Word-of-Day-Challenge-Imagine

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Can you imagine what it must have been like to be ordered…

out of the relative safety of trenches at Bullecourt

to march towards the German army lines…

…all the while knowing that German machine gun posts

were set up so that they could cut down

enemy soldiers marching up this rise.

Three or four attempts were made to reach the German lines

before the English officers allowed

Australian troops to protect themselves,

take cover etc while trying to advance..

Can you imagine the carnage?

It brings tears to my eyes every time I try.

The paddock was so peaceful and calm.

Millions of lives have been lost because of politics.

I pray it does not happen again.

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Word of the Day Challenge: Imagine

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FOWChallenge-Contrast

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The editing to these images is

to add extremes of contrast

to each….high and low..

A Western Front headstone….high contrast…

and low contrast.

High Contrast

Low Contrast

High Contrast

 

Low Contrast

 

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Fandango’s One Word Challenge:  Contrast

SUNDAY-STILLS-PC-Work-2

 

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Seeing as there is no official challenge this week,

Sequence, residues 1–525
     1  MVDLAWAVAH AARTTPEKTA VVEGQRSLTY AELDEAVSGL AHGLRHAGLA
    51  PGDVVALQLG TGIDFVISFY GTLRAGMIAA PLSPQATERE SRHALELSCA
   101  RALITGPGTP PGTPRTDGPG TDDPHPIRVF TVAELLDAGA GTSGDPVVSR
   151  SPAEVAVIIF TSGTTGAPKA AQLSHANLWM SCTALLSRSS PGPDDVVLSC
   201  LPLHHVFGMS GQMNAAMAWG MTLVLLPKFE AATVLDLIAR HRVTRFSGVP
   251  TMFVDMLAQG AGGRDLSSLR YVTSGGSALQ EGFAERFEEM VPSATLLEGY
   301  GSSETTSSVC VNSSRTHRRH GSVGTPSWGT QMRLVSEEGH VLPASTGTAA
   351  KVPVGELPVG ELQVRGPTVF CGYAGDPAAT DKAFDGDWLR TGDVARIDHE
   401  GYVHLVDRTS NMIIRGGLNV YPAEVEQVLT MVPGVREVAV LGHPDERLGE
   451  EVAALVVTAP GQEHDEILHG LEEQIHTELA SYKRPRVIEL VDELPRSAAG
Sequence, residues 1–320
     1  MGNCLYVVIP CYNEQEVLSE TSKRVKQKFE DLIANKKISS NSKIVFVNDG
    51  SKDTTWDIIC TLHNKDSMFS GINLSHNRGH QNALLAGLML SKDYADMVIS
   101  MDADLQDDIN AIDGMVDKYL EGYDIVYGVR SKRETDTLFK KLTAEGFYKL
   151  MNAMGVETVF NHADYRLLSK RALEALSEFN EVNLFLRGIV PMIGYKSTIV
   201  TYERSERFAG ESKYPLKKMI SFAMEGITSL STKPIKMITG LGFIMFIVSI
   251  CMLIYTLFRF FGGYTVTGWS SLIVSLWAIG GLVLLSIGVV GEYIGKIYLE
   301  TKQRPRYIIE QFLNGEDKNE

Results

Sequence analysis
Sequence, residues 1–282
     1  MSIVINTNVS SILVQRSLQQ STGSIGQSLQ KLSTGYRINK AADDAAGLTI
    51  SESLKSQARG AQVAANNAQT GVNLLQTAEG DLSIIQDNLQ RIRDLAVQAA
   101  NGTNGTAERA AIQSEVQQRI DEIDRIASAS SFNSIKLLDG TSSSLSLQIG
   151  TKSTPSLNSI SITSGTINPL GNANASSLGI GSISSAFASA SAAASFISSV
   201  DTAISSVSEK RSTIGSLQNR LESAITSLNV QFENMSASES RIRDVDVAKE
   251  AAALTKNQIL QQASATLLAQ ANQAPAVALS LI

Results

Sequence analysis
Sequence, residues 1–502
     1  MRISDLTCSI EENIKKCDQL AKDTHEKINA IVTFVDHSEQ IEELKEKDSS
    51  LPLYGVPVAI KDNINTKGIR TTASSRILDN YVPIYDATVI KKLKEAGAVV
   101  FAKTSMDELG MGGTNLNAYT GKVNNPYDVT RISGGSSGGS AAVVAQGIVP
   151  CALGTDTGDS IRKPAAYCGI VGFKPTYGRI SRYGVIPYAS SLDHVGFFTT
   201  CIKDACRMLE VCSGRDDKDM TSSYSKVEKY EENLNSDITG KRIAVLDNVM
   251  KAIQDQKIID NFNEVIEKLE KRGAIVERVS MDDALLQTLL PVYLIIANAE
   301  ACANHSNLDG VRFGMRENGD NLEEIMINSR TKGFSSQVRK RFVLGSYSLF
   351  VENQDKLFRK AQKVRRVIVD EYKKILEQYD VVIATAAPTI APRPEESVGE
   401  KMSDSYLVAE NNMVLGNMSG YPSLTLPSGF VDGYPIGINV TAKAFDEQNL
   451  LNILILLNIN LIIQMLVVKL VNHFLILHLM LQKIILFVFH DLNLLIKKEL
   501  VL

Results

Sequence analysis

I thought I would add to last week’s offering.

Last week I posted this photo and commentary….

Amid that crowd is a Beefeater at work

guiding tourists around the Tower of London.

and did not realise…

 

I had a better/close up photo of the man at work.

This from my 2017 trip to Arras, France.

Phil, an Aussie, operates Sacred Ground Tours

out of Arras across World War I Battlefields.  

Serre Road Cemetery No. 2 was

the first cemetery we visited. 

Phil is showing us how easy it is to find

a grave of a relative who perished in France.   

Easy if you know which cemetery to visit. 

If your relative is one of the tens of thousands

with no known grave, or an unknown soldier’s grave….

then that is a different story.

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SUNDAY STILLS PHOTOS: Work

Remembrance-Day-2017

At 11 AM, on November 11th, 1918

War ceased in Europe.

The guns of the Western Front fell silent

after more than four years

of continuous warfare.Since then November 11 has always

been remembered as

Red Poppy, Armistice or Remembrance Day.

When we started daylight saving time

a few decades ago, there was some discussion

about remembering ‘an hour earlier’.

On the other side was a discussion that

either Australia had daylight savings time

during World War I, or it was

daylight saving in Europe.

I’m not sure if answer was found to that debate.

Now its a case of

Lest We Forget

at the eleventh hour,

of the eleventh day,

of the eleventh month.

Today is remembered with a

Poppy from the Somme Battlefields,

a scene displayed on a water tower

at Pozières.

And the Last Post at Menin Gate, Ypres.

Recently I discovered that the

Menin Gate Lions

actually belong to Australia….a 1936 gift,

  to the Australian War Memorial

from the Mayor of Ypres.

This year the Australian War Memorial has

loaned them back to Ypres.

 

Lest We Forget~~~~~